- The director of the CDC said Sunday that she doesn't know how many COVID-19 vaccine doses are in the US.
- This means states can't plan how many vaccination sites to use or how many appointments to make, Dr. Rochelle Walensky told Fox News.
- It could lead to wastage or long lines at vaccine centres, Walensky warned.
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The new director of the Centers for Disease Control and Prevention (CDC) said Sunday that she doesn't know how many COVID-19 vaccine doses the US has.
"I can't tell you how much vaccine we have, and if I can't tell it to you, then I can't tell it to the governors and I can't tell it to the state health officials," Dr. Rochelle Walensky told Fox News.
This was one of the "biggest problems" with getting vaccines to Americans, she said.
Walensky said this means states were unable to plan their rollout, including figuring out how many sites to use, how many workers they needed, and how many appointments to make.
Read more: More than 200 coronavirus vaccines are still in development as the initial vaccine rollout ramps up. Here's how experts anticipate 2021 playing out.
"If they overshoot it then we have a vaccine on the shelf. If they undershoot then we have queues and queues of people, people whose appointments are canceled," she said. "Either way, we have challenges."
President Joe Biden has promised 100 million shots in his first 100 days in office.
President Donald Trump missed his target of getting 20 million people immunized by the end of 2020.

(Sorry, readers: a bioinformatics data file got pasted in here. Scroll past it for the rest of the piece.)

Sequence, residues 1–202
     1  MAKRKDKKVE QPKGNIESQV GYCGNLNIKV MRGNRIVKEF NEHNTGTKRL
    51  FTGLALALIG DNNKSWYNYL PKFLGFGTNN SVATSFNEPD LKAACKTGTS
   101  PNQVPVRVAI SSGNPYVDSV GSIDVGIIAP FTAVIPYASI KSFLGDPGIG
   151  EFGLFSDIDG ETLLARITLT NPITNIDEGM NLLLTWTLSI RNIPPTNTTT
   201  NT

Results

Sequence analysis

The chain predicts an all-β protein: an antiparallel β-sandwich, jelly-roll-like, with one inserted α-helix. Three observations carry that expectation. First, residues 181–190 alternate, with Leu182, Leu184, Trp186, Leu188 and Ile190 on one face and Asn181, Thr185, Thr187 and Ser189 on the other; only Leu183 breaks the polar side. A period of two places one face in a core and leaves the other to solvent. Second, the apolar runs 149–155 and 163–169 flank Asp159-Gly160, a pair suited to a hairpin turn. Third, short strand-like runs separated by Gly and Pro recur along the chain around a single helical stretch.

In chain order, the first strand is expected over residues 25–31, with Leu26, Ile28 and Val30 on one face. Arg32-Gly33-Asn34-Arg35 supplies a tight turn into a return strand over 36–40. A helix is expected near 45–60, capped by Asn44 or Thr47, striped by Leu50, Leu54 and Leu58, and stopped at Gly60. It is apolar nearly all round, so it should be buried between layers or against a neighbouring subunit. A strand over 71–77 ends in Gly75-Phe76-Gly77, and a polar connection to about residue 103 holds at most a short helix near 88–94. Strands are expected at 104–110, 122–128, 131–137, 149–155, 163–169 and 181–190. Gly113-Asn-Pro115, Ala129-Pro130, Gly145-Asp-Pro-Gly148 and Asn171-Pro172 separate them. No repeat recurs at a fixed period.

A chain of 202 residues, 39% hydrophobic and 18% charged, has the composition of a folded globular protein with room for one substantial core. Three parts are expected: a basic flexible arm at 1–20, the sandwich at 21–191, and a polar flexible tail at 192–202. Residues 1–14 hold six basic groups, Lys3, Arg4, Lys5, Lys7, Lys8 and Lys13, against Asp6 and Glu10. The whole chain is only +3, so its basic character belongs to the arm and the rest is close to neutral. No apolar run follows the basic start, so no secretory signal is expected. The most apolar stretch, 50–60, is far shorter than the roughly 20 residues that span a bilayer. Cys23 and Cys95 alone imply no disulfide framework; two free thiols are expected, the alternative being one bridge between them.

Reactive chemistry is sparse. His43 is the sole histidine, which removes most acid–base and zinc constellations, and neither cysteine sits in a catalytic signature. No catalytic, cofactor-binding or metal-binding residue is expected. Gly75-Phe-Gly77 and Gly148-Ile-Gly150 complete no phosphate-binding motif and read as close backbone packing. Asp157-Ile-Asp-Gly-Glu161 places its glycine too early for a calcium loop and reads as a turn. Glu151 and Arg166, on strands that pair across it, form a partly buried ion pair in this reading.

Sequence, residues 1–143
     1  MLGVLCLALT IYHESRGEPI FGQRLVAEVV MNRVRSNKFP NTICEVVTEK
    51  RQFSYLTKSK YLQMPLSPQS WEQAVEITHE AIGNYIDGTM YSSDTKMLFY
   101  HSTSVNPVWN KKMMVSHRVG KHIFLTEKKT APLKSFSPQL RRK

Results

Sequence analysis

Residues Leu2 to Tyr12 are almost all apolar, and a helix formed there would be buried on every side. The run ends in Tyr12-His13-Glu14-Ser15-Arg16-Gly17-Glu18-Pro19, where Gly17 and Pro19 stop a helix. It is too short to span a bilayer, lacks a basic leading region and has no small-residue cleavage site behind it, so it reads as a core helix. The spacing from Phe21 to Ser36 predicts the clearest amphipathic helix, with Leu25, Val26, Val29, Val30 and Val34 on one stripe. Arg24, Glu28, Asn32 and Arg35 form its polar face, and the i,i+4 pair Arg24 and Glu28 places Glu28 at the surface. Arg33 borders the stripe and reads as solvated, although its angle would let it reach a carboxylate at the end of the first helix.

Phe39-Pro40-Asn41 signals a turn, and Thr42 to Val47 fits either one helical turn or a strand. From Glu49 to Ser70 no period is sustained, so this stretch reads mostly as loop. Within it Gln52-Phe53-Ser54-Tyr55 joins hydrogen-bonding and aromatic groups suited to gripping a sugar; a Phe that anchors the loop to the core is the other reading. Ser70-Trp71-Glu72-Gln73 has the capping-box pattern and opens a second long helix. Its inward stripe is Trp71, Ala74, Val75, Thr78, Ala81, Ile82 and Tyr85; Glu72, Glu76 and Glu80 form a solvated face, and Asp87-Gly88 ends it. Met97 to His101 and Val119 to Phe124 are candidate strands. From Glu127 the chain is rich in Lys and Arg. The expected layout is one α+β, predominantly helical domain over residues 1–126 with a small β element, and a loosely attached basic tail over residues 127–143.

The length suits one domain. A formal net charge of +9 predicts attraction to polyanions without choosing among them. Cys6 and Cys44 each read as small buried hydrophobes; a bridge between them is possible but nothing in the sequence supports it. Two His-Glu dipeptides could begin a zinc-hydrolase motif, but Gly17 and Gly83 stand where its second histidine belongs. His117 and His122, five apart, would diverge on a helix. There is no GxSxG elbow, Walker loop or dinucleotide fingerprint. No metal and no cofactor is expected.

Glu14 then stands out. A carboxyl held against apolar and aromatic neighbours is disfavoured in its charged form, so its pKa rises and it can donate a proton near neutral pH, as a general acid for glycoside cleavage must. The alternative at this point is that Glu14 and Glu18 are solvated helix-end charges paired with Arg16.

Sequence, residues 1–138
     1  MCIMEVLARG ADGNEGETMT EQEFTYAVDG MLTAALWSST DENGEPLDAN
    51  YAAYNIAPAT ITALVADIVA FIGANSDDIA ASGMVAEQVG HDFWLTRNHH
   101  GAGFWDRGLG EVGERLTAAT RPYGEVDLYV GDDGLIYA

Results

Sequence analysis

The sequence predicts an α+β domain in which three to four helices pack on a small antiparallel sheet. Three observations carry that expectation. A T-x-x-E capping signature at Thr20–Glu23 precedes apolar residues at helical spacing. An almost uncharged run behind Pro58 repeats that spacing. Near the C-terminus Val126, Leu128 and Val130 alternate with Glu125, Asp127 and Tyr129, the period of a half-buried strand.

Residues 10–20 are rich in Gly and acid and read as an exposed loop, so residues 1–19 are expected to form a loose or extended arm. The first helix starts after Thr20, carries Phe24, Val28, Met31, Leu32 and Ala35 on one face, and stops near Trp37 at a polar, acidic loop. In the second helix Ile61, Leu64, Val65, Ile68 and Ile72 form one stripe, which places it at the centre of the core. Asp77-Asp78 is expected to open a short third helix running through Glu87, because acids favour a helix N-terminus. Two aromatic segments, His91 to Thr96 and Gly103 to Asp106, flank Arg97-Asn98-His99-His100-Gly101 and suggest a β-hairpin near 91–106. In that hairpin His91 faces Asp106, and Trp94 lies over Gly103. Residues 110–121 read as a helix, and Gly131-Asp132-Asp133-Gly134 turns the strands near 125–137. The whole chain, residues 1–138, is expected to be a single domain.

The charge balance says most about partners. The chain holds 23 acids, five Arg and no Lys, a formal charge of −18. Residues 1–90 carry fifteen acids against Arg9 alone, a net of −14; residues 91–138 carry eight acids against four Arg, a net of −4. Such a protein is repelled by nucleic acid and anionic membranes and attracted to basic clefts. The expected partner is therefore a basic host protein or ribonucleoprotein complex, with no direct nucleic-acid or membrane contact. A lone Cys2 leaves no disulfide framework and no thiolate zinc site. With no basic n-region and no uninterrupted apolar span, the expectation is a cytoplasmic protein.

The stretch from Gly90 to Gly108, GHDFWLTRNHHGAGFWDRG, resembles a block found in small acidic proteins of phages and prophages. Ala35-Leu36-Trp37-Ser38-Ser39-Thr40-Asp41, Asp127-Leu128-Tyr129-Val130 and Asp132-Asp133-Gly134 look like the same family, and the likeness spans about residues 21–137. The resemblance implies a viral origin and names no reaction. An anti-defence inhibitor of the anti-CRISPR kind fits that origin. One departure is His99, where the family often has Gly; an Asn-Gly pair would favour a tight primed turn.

So far more than 21 million shots have been given to Americans, according to CDC data. But tens of thousands of vaccine appointments have been canceled as states run out of vaccines.
Walensky worried about 'supply crunch'
Walensky said she was most worried about the "supply crunch," of vaccines, but that she was hopeful production for the two vaccines authorized in the US — one from Moderna, one from Pfizer and BioNTech — would increase after the first 100 days.
She said there could also be two additional vaccines in the pipeline, including one from Johnson and Johnson.
"We certainly can't predict any obstacles that could come in our way here. But from the data we've had so far, I'm hopeful that we'll actually get an increasing amount of supply, not a stagnating one," she said.
Getting as many people vaccinated as quickly as possible has become more urgent thanks to the more infectious coronavirus variants emerging across the world, including in the US.
The US has recorded 194 people who were infected with a coronavirus variant called B.1.1.7, which was first identified in the UK. Public Health England has estimated it to be 30-50% more contagious than the original virus.
"The more virus that is out there, the more virus that is replicating, the more likely that we are going to have mutations and variants," Walensky said.
Walensky said that the CDC was working closely alongside other agencies, including the Food and Drug Administration and US Department of Defense, to monitor the variants and their impact on both vaccines and treatments.
In the meantime, people needed to do things that prevent the virus from spreading, such as wearing a mask and getting their vaccine when offered, she said.
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